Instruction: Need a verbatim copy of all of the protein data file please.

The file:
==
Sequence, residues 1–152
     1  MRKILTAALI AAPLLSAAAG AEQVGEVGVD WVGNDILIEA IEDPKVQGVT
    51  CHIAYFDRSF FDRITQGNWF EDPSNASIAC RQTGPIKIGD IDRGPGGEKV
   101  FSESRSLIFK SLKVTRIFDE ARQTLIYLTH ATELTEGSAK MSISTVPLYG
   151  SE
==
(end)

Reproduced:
Sequence, residues 1–152
     1  MRKILTAALI AAPLLSAAAG AEQVGEVGVD WVGNDILIEA IEDPKVQGVT
    51  CHIAYFDRSF FDRITQGNWF EDPSNASIAC RQTGPIKIGD IDRGPGGEKV
   101  FSESRSLIFK SLKVTRIFDE ARQTLIYLTH ATELTEGSAK MSISTVPLYG
   151  SE